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Blood pressure treatment 'could prevent dementia'

Blood pressure treatment 'could prevent dementia'
8th January 2013

A new study has found that people taking a common medication for high blood pressure are simultaneously reducing their chances of developing Alzheimer's.

Researchers in the US discovered that patients who had been taking beta-blockers as their only form of medication experienced significantly fewer changes to the brain - a common indicator of dementia, the Daily Express reports.

Scientists conducted autopsies on the brains of 774 elderly men to reach the conclusions. They also discovered that those who had been taking beta-blockers and other medications showed a mid-level reduction in the number of damaging brain alterations.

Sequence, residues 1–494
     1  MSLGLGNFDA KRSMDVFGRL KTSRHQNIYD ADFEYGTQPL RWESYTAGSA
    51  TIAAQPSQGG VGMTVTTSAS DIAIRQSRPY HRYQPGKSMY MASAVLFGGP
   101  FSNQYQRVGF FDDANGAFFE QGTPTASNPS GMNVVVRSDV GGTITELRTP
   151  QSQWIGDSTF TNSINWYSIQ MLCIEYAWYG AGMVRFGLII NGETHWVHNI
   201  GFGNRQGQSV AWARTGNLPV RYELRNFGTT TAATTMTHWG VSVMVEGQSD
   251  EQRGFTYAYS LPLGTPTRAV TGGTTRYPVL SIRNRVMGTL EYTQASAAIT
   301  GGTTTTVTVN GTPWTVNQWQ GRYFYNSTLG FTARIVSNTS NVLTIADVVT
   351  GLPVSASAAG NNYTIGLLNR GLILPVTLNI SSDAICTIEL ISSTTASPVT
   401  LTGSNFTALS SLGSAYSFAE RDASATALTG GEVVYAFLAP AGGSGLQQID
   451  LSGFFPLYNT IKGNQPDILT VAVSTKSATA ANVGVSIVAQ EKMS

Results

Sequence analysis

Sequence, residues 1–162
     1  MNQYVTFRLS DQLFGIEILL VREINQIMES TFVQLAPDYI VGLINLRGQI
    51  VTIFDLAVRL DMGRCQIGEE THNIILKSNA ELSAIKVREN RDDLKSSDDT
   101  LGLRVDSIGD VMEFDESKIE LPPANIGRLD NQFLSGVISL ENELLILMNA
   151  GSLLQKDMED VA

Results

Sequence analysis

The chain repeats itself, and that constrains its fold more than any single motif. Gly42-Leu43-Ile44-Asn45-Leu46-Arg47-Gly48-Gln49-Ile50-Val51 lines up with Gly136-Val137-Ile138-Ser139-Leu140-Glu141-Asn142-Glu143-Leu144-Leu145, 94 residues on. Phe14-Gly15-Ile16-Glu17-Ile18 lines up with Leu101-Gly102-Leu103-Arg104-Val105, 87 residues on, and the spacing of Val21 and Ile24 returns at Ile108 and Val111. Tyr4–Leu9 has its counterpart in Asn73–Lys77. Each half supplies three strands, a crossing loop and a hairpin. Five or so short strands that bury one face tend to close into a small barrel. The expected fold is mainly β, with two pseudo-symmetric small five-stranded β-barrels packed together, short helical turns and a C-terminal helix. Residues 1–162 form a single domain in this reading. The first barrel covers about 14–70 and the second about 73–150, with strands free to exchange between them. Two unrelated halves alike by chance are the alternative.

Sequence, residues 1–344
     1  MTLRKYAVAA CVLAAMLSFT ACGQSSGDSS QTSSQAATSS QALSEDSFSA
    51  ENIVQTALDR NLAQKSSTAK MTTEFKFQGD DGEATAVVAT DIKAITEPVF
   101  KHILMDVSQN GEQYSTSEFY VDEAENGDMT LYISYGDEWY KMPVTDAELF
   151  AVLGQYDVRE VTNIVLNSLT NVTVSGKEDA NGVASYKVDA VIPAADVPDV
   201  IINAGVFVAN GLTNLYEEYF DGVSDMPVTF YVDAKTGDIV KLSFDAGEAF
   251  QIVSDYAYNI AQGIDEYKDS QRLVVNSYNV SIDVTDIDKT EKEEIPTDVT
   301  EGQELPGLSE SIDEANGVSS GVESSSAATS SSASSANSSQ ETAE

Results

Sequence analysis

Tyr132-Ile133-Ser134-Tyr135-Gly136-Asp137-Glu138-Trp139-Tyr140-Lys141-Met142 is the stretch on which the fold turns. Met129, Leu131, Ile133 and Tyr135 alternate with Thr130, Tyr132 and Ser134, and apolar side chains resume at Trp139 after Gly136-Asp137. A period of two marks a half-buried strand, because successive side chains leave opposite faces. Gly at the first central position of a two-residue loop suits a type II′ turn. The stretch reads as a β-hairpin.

Withe one in three people over the age of 65 set to develop dementia, finding a cure or viable treatment for the disease is currently high on the agenda for experts worldwide.

Dr Simon Ridley, of Alzheimer’s Research UK, said: "While we can’t conclude from this study that beta-blockers can prevent dementia, a better understanding of the links between high blood pressure and dementia could be crucial for developing new treatments."

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